Building a Dream…and a Legacy

Building a Dream…and a Legacy

Author: Connie Carson

Connie is a well-known local story-teller and professional who has a passion for the history of the City of Belleville, in particular, the downtown streets.


 In 1863 an enterprising gentleman named Mr. W.E. Holton purchased a piece of land (lot 46) in downtown Belleville and commissioned an architect named Mr. John Forin and a mason named Mr. Woodley to construct a one of a kind building for him. It was 4 stories tall, with heavy stone sides and rear walls, a large skylight, and contained over 16,000 square feet of space. At the rear of the building, and on the Moira River, Mr. Holton had a 46 ft by 70 ft slate-covered stone storehouse built at a total cost of $16,500.


In 1900 the property was acquired by the George Ritchie Company (lot 47) and fitted for selling dry goods, millinery, mantles, merchant tailoring, men’s furnishings, carpets, and dressmaking.

Mr. Ritchie crossed the Atlantic over 60 times on buying trips while visiting the world’s biggest and best markets to furnish his store. He installed a modern hydraulic passenger elevator and a cash carrier system. There were up to 90 people employed in the busy season and all three upper levels were used for merchandise display. The basement area was designated for storage. It later sold to his son, Thomas, and the 2 lots were joined together as 270-274 Front Street.


The Canadian Department Store opened in 1927 and closed in 1949 when T. Eaton branch took over. It carried on the same business practices as the Ritchie Company had.


The building was purchased in 1949 and completely renovated before the grand opening. Their business motto was all about the very best service to their customers.

Eaton’s had a great return policy and people took advantage of it. John Tolaso, the sales manager would always have a good story to tell of Belleville’s elite returning dresses the day after the company’s Christmas party. I suspect it created juicy gossip for employees around the coffee room the next morning!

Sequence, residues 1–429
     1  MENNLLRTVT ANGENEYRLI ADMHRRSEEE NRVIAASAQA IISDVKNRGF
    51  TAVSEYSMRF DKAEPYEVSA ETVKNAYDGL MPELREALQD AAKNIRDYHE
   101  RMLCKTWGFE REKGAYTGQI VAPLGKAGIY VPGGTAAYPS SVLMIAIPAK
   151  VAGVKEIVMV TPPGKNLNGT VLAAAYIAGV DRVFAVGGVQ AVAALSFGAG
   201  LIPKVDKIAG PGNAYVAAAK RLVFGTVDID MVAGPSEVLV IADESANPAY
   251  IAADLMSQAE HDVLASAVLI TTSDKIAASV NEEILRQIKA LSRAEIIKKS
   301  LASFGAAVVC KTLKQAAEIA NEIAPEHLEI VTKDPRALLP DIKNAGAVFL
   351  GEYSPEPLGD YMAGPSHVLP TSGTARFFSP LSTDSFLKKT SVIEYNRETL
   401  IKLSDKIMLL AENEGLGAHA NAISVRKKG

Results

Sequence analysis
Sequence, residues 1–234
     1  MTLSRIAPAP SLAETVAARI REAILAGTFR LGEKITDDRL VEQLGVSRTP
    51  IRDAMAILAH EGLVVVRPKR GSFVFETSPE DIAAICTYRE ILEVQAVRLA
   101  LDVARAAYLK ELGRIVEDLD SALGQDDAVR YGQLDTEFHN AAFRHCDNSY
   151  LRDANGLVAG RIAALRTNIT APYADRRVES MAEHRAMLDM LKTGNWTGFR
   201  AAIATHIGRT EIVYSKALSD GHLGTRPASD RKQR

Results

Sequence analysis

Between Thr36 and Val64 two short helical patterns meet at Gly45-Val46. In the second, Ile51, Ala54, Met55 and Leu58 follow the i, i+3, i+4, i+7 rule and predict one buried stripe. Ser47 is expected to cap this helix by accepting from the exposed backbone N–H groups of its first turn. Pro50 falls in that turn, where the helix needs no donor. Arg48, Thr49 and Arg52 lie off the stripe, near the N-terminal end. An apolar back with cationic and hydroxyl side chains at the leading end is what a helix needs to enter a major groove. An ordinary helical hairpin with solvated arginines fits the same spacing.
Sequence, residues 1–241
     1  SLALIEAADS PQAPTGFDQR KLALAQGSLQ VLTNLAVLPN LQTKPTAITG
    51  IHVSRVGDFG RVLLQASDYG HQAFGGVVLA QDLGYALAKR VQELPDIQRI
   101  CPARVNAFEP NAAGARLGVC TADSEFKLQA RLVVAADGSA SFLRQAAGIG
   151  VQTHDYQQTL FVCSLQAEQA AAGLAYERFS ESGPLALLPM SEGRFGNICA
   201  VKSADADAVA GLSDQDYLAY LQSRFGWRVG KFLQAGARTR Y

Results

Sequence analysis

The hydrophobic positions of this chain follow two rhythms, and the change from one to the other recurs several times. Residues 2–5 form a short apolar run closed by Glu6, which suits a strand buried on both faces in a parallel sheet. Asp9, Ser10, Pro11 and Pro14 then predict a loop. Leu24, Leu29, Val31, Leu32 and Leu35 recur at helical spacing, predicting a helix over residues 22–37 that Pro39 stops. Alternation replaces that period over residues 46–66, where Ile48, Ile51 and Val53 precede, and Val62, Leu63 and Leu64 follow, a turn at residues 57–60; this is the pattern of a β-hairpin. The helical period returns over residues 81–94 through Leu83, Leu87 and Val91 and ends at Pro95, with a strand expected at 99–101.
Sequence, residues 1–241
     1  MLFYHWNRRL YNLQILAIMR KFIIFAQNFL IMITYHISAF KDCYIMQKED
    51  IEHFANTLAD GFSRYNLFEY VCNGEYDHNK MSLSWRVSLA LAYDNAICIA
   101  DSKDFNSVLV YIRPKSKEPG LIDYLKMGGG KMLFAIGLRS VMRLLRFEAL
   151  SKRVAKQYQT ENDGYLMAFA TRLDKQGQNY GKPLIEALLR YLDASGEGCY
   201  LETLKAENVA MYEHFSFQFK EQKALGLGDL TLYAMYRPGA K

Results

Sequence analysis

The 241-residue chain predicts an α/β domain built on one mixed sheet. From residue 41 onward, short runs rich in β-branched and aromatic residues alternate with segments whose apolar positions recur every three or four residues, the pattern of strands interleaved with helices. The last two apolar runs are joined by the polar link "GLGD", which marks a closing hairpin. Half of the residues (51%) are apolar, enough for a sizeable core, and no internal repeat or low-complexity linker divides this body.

Televisions were a hot commodity in the 1950s and only the wealthier customers could afford them.  Eaton’s allowed customers to take a tv home and try it out for a week. If they liked it they paid for it or returned it to the store. 

During this time Mildred Matthews worked at Eaton’s and told friends that management was always at the door to greet her in the morning and show her out at night. She felt they were all one big family. She was making the grand sum of 50 cents an hour at the time. 

I personally recall the day I heard the announcement on the radio that Eaton’s had been sold. So many thoughts crowded my mind regarding my favourite store; concern for the fate of our cool elevator operator that always looked so professional in his uniform and hat; worry over the employees losing their jobs and fear for the demise of my beloved downtown area. The Eaton’s store closed in 1966 and reopened as Walkers Department Store the same year.


Walker’s Department Stores opened in 1965 and offered a new line of clothing at ‘The Young Man’s Shop’ as well as a new candy department and a budget-minded sports and lingerie department. I was a frequent visitor at the candy department; deciding between the humbugs and chocolate-coated pretzel balls.

Dress sizes at the time ranged from 5 to 13 and cloth coats with dyed raccoon collars were all the rage! There was a custom dressmaking and millinery department on the second floor designed for upscale shoppers but they also held a famous dollar day shopping spree event every year. This store was a shoppers paradise with literally something for everyone!

A trolley system carried the customer’s money in little mini cars to the cashier’s desk and returned the change. It was the same, but the improved model from the Ritchie Company system used in1900.! The store closed in 1977 following news of the expansion of the Quinte Mall.


Marks and Spencer bought Walkers Department Store under St Michaels label where it’s operations were similar to Walker’s but it was closed within four years after opening.


S and R opened their doors in Belleville in the fall of 1981

The 35,000 sq ft store located in Belleville had a full line of discount retail clothing, footwear, and accessories similar to their parent store in Kingston.

They occupied three floors of space which included the basement plus a newly created footbridge entrance to Footbridge Alley. They also installed a new elevator and designed a new wider stairway to the basement level.

Well-known locals Mary Jane Empson and Bill Belnap were hired as well as a full-time elevator operator. S and R Department Store had 40 full and part-time staff employed and operated from 1981 to 1991 in downtown Belleville


‘The little ones love brightly coloured necklace and chunky rings for their moms,”  Many of them bring just one dollar to buy their presents forgetting about the seven cents tax I keep a little fund of pennies here to help them out’. Quote from sales lady at S and R.

This grand old building in the heart of the downtown district has withstood the true testament of time by reinventing itself many times over the past 160 years. Cheers to another 160 years!

270-274 Front Street is currently home to Capers Restaurant and Maxwell Paper Canada.